Human Rights Day 2018

Credit: United Nations

The 70th  anniversary of the UN Declaration of Human Rights is celebrated today, 10 December as the intergovernmental conference on the Global Compact for Safe, Orderly and Regular Migration (GCM) begins in Marrakech. The GCM is the first-ever inter-governmentally negotiated agreement to cover all dimensions of international migration in a holistic and comprehensive manner.

On Human Rights Day 2018 we are standing up for the rights of climate displaced people. Climate displacement is a growing issue faced by millions of people and its impacts can be felt at the international, regional, national and sub-national level. Despite this, climate displacement has, to date, been dealt with in an ad hoc manner in international and domestic fora. The GCM attempts to address this gap with strong language recognising climate change as a driver of migration.  In particular the sub-section in Objective 2 ‘Natural disasters, the adverse effects of climate change, and environmental degradation’ includes significant commitments in this area.  It also includes  paragraph (h) which links human rights, climate change, displacement and data gathering.

The GCM contains a strong human rights based approach, including a guiding principle that ‘the Global Compact is based on international human rights law and upholds the principles of non-regression and non-discrimination’.  This is further backed by a commitment to incorporate a whole-of-society approach including ‘migrants, diaspora’s, local communities, civil society, academia, the private sector, parliamentarians, trade unions, National Human Rights Institutions, the media and other relevant stakeholders in migration governance.’  This commitment will be a key pillar of the response to climate displacement, which is best approached through engagement with, and participation by, impacted populations.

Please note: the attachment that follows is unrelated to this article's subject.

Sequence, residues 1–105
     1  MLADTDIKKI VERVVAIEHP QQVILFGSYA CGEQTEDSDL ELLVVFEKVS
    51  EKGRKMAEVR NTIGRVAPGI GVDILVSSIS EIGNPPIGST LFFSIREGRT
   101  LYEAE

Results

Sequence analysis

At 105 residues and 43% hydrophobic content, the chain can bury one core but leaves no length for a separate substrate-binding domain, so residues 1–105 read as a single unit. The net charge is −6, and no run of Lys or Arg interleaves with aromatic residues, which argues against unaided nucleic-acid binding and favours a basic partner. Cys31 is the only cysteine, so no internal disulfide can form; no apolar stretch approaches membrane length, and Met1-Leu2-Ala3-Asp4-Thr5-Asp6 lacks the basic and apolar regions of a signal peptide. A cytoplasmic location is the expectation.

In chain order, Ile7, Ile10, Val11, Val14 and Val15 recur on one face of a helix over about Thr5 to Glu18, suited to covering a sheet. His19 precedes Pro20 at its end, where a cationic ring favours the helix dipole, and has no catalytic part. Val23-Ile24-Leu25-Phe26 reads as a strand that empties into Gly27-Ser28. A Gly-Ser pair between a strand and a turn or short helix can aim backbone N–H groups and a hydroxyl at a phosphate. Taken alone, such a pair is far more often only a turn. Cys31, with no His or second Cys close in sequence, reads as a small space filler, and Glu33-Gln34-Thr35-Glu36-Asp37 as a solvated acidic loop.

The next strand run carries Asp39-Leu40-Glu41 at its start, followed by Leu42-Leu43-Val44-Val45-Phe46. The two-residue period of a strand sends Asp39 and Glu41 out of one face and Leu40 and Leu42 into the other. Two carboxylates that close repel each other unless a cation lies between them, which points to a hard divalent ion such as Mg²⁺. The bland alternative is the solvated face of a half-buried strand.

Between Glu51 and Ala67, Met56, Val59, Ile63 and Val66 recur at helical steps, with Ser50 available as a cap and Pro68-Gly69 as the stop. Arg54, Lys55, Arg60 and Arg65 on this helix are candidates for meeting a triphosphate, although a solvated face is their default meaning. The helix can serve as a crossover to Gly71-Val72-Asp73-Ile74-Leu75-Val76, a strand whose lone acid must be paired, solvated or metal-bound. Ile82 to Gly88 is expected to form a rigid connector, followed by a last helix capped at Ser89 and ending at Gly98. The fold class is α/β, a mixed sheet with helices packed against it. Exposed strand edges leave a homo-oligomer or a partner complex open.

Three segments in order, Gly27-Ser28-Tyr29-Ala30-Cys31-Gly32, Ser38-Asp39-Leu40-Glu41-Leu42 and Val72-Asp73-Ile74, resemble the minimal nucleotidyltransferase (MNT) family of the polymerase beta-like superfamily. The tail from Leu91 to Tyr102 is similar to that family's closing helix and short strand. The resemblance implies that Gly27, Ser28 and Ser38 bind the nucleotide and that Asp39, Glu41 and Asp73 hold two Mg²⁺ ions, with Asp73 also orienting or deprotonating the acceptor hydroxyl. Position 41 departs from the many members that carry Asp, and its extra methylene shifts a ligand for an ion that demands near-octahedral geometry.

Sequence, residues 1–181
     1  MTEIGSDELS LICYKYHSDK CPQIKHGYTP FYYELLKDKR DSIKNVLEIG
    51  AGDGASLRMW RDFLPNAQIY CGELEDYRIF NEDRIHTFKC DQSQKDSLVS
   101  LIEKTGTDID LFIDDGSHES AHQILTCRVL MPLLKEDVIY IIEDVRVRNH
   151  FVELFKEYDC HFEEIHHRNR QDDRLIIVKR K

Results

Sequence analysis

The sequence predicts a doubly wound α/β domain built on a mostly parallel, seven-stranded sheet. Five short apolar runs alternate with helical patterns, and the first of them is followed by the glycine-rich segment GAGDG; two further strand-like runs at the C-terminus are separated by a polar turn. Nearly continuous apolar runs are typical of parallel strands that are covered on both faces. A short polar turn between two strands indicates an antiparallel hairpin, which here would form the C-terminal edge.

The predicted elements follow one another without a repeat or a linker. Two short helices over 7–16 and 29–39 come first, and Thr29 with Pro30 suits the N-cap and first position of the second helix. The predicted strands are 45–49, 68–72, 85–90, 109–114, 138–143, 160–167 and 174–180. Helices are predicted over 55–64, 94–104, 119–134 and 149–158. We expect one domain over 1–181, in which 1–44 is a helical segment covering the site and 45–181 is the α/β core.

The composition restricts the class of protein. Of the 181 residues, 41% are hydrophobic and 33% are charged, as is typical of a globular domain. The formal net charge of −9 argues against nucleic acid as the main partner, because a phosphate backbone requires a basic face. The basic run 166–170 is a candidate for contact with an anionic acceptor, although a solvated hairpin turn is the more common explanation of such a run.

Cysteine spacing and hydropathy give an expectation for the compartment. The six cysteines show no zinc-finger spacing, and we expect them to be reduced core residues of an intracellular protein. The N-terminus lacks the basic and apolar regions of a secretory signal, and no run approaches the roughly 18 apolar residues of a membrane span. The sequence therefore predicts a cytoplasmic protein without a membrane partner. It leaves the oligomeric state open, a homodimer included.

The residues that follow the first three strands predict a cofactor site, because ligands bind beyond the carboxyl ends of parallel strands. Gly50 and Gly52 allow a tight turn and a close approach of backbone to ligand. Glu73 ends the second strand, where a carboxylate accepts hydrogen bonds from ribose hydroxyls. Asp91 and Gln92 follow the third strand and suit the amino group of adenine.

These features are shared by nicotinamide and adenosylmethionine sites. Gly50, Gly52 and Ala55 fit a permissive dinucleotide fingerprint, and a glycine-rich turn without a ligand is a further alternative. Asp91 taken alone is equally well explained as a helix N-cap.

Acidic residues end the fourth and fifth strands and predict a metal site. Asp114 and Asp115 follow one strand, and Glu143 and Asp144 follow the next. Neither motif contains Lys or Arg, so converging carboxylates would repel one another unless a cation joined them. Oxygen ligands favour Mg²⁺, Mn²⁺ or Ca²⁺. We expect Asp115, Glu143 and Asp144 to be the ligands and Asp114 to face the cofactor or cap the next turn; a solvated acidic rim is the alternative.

The impacts of climate change already effect the enjoyment of peoples’ human rights and these can be further undermined if climate action is not informed by human rights norms. Left unchecked, climate change has also the potential to wipe out the development gains of recent decades. It is therefore imperative for any climate action to protect and respect human rights. This can be achieved with a climate justice approach, which is the basis of the Foundation’s work on human rights and climate change, in line with the Principles of Climate Justice ‘Protect and Respect Human Rights’ and ‘Support the Right to Development‘.

The most fundamental action that countries can take to protect the rights of people at risk of climate displacement is to limit the impact of climate change as much as possible and thereby reduce the threat to populations in high risk areas. This is the responsibility of all countries, and was affirmed in the Paris Agreement’s commitment to keeping temperatures at well below 2°C above pre-industrial levels and pursuing efforts to limit the temperature increase 1.5°C above pre-industrial levels.

We still have a long way to go before respect for human rights is truly universal.  The words of the Declaration are not yet matched by facts on the ground.  In practice, people all over the world still endure constraints on ‑ or even total denial of ‑ their human rights.  Article 1 of the Universal Declaration says it so superbly:  “All human beings are born free and equal in dignity and rights.”  The social, political, economic and cultural rights enshrined in this foundational document belong to everyone, everywhere ‑ independent of race, colour, gender, language, faith or opinion.

The Universal Declaration of Human Rights  ‘recognition of the inherent dignity and of the equal and inalienable rights of all members of the human family is the foundation of freedom, justice and peace in the world’. In terms of climate change, the full weight of history is on our shoulders and the gaze of the future is on our actions.

Related Links

United Nations Declaration of Human Rights

Intergovernmental Conference on the Global Compact for Safe, Orderly and Regular Migration